Friday, August 06, 2010

Let's begin with some Brontëites found in the press today. The Age talks with the eminent biologist Suzanne Cory:
Good science teaching is critical for inspiring young people, she says from experience. At school, her passions were for English and history. ''I wanted to be a writer from when I was quite small. I imagined myself as Emily Brontë or Jane Austen.'' (Deborah Smith)
And The New York Times talks to writer Mona Simpson:
What have you been reading or recommending lately?
Allan Gurganus once said that he reads what he needs for his work the way you might crave a food that relieves your mineral deficiency. I’ve been reading “Vilette,” [sic] the last novel written by Charlotte Brontë, and it’s exactly what I need right now. It’s about a woman who comes to romance relatively late in life, a woman who based her life on other aspirations. An editor once told me what my work lacked was a sense of vibrant romantic hope. I want this new book to have that.
The Telegraph (India) publishes a lukewarm review of Jude Morgan's The Taste of Sorrow.
"Oh, my children. Oh, God, my poor children.” A Taste of Sorrow bursts into life with this racking lament from Maria Brontë, dying of what was later perceived to have been ovarian cancer. The cry foretells both the theme and the tone of the novel, a fictional account of the lives of the Brontë siblings that Jude Morgan decided to write “with as little fiction as possible”.
The temptation to write fiction about historical figures is always double-edged, and in the case of the Brontës, particularly dangerous. Jude Morgan (a pseudonym of Tim Wilson) is keenly aware of the danger. “The story of the Brontës is so known,” he tells himself in alarm when the idea of writing a novel about them occurs to him. Besides, he finds that the “hard-working, dedicated and thoroughly professional authors” have been changed into “mythical creatures”, inspiring more “silliness” and speculation than any other major English literary figure.
Yet Morgan finds through his research that the “true drama of [the] amazing human narrative” is yet to be told. The prolific writing of and about the Brontës has ultimately produced a “few stark and simple tropes” soaked in melodrama. Maybe the real story here lies in Morgan’s inability to free himself from the Brontës’ spell, drawn as he is, like many others, to the apparently inexplicable phenomenon of path-breaking creativity in three sisters brought up in narrow surroundings, with limited exposure and the constant proximity to death. It is not just that their mother dies early, followed by the two older sisters, Maria and Elizabeth, long before they themselves go to their early graves, preceded by their brother Branwell. It is also that Haworth Parsonage, their home, jostles on one side with the graves that come right up to its uncurtained windows. Their father was too scared of fire to allow curtains.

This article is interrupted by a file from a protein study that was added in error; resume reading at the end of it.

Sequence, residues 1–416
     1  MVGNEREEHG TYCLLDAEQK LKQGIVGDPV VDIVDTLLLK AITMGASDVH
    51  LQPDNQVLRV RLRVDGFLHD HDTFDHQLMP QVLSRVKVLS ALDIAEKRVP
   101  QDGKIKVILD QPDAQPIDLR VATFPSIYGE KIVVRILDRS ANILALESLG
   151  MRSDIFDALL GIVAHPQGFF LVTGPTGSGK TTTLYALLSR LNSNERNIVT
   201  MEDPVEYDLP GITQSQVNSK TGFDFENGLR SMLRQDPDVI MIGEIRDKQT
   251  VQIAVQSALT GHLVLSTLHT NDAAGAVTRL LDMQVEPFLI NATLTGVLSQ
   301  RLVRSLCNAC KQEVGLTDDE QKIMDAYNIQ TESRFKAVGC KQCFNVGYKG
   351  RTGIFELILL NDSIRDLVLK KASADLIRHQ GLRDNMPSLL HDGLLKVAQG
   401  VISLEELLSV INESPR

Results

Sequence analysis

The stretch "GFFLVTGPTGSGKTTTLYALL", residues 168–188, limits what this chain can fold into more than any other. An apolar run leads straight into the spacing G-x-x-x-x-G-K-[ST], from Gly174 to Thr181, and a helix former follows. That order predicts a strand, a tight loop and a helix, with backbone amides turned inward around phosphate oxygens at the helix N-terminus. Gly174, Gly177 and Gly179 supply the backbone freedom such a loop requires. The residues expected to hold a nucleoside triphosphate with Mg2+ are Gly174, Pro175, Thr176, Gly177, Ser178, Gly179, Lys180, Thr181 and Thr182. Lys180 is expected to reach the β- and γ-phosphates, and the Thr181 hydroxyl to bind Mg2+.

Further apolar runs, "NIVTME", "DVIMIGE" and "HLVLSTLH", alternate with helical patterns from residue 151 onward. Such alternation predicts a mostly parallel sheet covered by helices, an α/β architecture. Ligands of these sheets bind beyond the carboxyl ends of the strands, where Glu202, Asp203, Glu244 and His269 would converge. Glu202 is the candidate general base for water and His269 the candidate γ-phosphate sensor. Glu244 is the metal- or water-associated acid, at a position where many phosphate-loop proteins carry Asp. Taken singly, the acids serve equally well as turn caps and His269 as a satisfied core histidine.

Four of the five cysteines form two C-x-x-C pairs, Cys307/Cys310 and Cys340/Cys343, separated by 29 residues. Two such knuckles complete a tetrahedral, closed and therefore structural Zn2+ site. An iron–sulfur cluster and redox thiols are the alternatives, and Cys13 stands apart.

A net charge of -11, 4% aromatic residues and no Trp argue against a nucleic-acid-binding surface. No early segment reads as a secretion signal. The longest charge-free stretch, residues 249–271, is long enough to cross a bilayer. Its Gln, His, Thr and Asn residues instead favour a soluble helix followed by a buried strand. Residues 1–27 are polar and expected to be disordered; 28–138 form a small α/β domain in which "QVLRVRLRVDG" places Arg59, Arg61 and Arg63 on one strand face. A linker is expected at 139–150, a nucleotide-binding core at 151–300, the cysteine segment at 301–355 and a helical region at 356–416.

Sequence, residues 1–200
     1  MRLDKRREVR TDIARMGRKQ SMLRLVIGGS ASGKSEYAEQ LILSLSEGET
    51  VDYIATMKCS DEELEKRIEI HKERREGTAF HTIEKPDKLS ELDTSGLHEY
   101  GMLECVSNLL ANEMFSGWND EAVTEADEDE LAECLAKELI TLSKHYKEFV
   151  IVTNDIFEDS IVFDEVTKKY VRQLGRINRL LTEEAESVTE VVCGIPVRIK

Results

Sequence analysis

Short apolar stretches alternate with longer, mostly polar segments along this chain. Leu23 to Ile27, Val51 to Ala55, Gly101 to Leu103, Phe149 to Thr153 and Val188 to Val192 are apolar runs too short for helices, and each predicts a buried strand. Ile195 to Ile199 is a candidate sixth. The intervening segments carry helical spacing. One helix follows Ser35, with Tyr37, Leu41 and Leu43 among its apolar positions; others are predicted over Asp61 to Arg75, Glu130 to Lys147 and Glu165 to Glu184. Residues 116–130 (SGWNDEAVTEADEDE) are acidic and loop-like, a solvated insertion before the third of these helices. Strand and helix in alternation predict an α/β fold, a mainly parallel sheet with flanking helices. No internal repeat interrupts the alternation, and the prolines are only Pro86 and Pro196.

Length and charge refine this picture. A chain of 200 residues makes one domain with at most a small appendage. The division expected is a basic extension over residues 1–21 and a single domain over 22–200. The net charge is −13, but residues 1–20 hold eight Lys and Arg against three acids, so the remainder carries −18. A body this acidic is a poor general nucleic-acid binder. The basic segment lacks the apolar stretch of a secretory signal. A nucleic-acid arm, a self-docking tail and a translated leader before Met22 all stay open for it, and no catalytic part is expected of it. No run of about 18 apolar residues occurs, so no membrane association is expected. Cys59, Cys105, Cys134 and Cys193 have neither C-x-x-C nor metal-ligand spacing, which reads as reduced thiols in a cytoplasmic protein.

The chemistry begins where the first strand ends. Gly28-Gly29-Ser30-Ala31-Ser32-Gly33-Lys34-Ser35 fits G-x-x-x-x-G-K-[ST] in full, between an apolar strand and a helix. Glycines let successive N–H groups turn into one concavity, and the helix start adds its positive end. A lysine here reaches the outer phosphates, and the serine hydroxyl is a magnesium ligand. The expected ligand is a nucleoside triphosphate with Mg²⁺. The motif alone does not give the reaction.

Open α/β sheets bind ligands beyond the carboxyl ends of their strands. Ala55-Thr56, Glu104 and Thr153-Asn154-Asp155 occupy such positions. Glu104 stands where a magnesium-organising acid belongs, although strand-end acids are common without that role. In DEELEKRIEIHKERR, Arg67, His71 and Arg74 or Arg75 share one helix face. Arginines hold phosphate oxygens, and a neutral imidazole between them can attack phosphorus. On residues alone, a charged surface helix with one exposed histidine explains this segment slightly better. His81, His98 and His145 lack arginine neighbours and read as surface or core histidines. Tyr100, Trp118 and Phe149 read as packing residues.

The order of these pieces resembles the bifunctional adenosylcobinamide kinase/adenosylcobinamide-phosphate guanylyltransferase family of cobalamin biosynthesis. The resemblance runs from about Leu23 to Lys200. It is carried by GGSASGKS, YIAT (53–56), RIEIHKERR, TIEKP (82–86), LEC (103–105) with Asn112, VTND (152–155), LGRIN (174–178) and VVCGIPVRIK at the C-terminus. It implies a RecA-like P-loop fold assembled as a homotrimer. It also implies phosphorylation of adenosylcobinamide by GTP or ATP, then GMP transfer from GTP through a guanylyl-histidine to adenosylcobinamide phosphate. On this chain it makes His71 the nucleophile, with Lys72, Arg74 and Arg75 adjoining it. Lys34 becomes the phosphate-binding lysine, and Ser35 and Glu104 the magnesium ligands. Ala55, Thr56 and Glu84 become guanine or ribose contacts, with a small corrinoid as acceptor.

Morgan weaves each such detail into his narrative to give depth to his characters, for that is where interpretation has its strongest role. He seems at his best in the first section that begins with Maria Brontë’s death and ends with Charlotte unwillingly leading her remaining siblings behind Elizabeth’s coffin. (Read more) (Bhaswati Chakravorty)
Tribune finds a curious Jane Eyre inversion in Christopher Nolan's film Inception:
If I were Dom’s mark, I might be alarmed by all these strangers in my dream, as if I had sub-contracted my subconscious. As for the mad woman below stairs – the inversion of Jane Eyre’s Mrs Rochester – what’s she all about? (Patrick Mulcahy)
Hugo Heppell, head of production of Screen Yorkshire, talks to the Yorkshire Post about the consequences of the axing of the Film Council:
As the head of production at SY, Heppell has been a key player in making movies happen in the region. With filming recently finished on the television sequel of This is England and filming about to start on Andrea Arnold's Wuthering Heights, Heppell says commitments made to films about to happen will be fulfilled, but the future is less clear.
Palo Alto News talks about volunteers taping books for blind people:
[Jane] Seaman records in four-hour sessions three times a week. She is currently reading a biography of Charlotte Brontë and short stories for a literary anthology.
Birmingham News (Alabama) announces the 2010/11 season of Theatre Downtown which includes a production of Wuthering Heights. Gutenberg auctions a copy of Swinburne's 1877 A Note on Charlotte Brontë; The Yellow Brick Road posts in Croatian about Emily Brontë; A Stroll Through My Rose Garden is posting her top ten of Broadway Musicals, number 9 is for Gordon & Caird's Jane Eyre; Of Writerly Things reviews Joan Soward's Chocolate Roses; Follow the Sky chooses Jane and Rochester as the her favourite book pairing; Oops... Wrong Cookie reviews the upcoming The House of Dead Maids by Clare B. Dunkle and The Sparklife Blog continues blogging Wuthering Heights (part 8 already).

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